Sunday, 22 July 2012

GE Builds a Better Battery
11 Jul 2012

What does it take to launch a better battery? Makers of electric vehicles, smartphones, and renewable energy gear want to know. For a 45 person internal startup at General Electric Co (GE), it took the financial backing and technical support of an AAA-rated company with more than $140 billion in annual revenue, not to mention the care and attention of Chairman and Chief Executive Officer Jeffrey Immelt. It also helped that the team chose a proven battery design that had been under development for 30 years before GE got involved. The result is the Durathon, a molten salt battery that went on sale in September 2011, providing backup power for cell phone towers, among other uses.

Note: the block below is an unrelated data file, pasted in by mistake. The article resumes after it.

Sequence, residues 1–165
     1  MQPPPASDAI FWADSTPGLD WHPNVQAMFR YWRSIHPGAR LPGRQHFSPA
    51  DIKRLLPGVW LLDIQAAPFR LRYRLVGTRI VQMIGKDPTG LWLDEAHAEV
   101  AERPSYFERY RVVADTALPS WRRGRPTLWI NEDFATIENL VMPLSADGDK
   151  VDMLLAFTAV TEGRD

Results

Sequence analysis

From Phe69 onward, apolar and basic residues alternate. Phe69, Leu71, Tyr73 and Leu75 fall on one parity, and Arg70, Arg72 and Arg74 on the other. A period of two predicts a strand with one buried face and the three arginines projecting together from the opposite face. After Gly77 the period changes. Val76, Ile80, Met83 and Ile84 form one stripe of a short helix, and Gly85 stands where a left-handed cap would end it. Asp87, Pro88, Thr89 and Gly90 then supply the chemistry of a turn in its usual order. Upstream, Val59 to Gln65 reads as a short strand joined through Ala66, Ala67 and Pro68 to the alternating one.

There are plenty of ideas for new batteries; the problem is commercialising them. Today's cars still rely on lead-acid batteries that date back to experiments done in 1859, while consumer electronics are powered by alkaline batteries that trace their roots to 1899. Innovators come along regularly, but in the past year a slew of battery startups have hit rough patches. Ener1, which was pledged $118 million of federal aid to develop lithium-ion batteries for electric vehicles, filed for bankruptcy in January. Battery maker A123 Systems (AONE) of Waltham, Mass., lost $125 million in the first quarter. At a US Department of Energy conference in February that showcased new battery concepts, Microsoft (MSFT) Chairman Bill Gates warned that "the failure rates here are going to be well over 90%".

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